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WAWA/WeAreWideAwake is my Public Service to America as a muckracker who has journeyed seven times to Israel Palestine since June 2005. WAWA is dedicated to confronting media and governments that shield the whole truth.

We who Are Wide Awake are compelled by the "fierce urgency of Now" [Rev MLK, Jr.] to raise awareness and promote the human dialogue about many of the crucial issues of our day: the state of our Union and in protection of democracy, what life is like under military occupation in Palestine, the Christian EXODUS from the Holy Land, and spirituality-from a Theologically Liberated Christian Anarchist POV.

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Home arrow Blog arrow April 2008 arrow April 16, 2008

April 16, 2008
WAWA Blog April 16, 2008: Nobel Peace Prize Laureates Lay Wreaths and a Confrontational Conversation: UPDATE 6:30 PM, 11 PM


Carter's visit with Hamas' Meshal
Hasan Abu Nimah, The Electronic Intifada, 16 April 2008

Former US president Jimmny Carter in Ramallah, January 2006. (Charlotte de Bellabre/MaanImages)
"Carter seems more comfortable with terrorists than with friends like Israel." So said a newsflash on the Israeli daily Haaretz's website last Sunday.

The statement was attributed to the American pro-Israel group, the Anti-Defamation League, and was obviously a reaction to news that former US president Jimmy Carter was planning to meet with Hamas leader Khaled Meshal during an upcoming visit to Damascus.

If Carter does meet with Meshal, and that has not been confirmed, I do not think many sensible people would imagine that Carter's intent is to seek the comfortable company of a terrorist as a better alternative to meeting peace-loving Israelis.

Carter may not be counted amongst Israel's most stalwart supporters, at least compared to other US presidents or the current candidates for office. But in reality, he has done more for Israel than any other US president, and perhaps even any other world leader.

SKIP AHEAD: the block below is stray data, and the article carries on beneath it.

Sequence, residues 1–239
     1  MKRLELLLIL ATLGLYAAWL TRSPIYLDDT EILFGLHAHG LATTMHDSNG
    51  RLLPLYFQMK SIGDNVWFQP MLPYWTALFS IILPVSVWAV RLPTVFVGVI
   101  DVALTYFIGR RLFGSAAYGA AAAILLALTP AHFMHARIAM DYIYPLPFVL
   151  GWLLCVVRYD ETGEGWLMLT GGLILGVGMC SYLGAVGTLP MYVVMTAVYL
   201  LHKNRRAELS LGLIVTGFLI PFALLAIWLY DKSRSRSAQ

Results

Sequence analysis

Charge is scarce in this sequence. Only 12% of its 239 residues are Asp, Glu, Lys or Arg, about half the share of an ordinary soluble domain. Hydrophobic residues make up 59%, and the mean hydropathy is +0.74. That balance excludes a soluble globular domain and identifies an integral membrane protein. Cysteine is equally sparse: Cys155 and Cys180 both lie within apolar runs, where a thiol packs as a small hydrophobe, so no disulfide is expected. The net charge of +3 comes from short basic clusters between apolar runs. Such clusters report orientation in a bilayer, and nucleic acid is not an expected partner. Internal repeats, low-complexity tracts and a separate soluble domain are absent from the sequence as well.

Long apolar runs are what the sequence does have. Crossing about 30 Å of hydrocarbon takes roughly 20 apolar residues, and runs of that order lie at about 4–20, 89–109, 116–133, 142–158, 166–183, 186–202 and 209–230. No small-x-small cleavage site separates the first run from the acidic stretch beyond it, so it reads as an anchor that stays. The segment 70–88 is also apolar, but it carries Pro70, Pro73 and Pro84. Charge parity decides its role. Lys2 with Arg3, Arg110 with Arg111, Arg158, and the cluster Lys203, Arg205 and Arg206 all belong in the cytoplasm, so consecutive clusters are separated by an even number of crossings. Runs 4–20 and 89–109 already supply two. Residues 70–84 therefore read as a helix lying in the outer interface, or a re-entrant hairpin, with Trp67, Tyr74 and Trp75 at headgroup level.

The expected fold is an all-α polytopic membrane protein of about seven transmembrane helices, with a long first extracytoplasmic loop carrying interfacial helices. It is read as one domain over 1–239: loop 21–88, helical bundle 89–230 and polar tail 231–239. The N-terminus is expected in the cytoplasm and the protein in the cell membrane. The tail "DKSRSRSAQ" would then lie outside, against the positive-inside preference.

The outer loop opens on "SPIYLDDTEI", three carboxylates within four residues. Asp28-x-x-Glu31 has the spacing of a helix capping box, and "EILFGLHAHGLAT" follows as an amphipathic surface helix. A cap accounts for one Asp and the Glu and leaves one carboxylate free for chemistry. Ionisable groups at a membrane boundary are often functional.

Without the determined effort and the intense personal diplomacy of president Carter, Israel would not have achieved the one landmark breakthrough in its troubled history: the peace treaty with Egypt.

By opening this first gate for Israel, under almost impossible circumstances, Carter helped open others later, granting Israel more legitimacy even while it remained an occupier, aggressor and a flagrant and chronic violator of international law.

The peace treaty with Egypt was not Carter's ultimate goal; he sought a resolution for the Arab-Israeli conflict in its entirety. But faced with tenacious obstructionism and intransigence on the Israeli side, and hesitation and uncertainty on the Arab side, Carter settled for what he thought was possible: peace with Egypt and promises of autonomy for the Palestinians.

Had Carter's more ambitious efforts been fully implemented, the region might have avoided decades more of conflict and might have seen security and prosperity already achieved. Israel might have been free from the "terror" it reaps in reaction to its oppression of others and its occupation of their lands. Perhaps many of the tragedies that have, in the last four decades, been causing enormous devastation and harm to all of us would have been avoided.

Of course, no one can say precisely what would have happened, but what Carter tried to do is to bring the conflicting parties to a settlement based on legality and relative justice. This contrasts with other US presidents who have blindly tolerated Israel's expansionist and illegal schemes.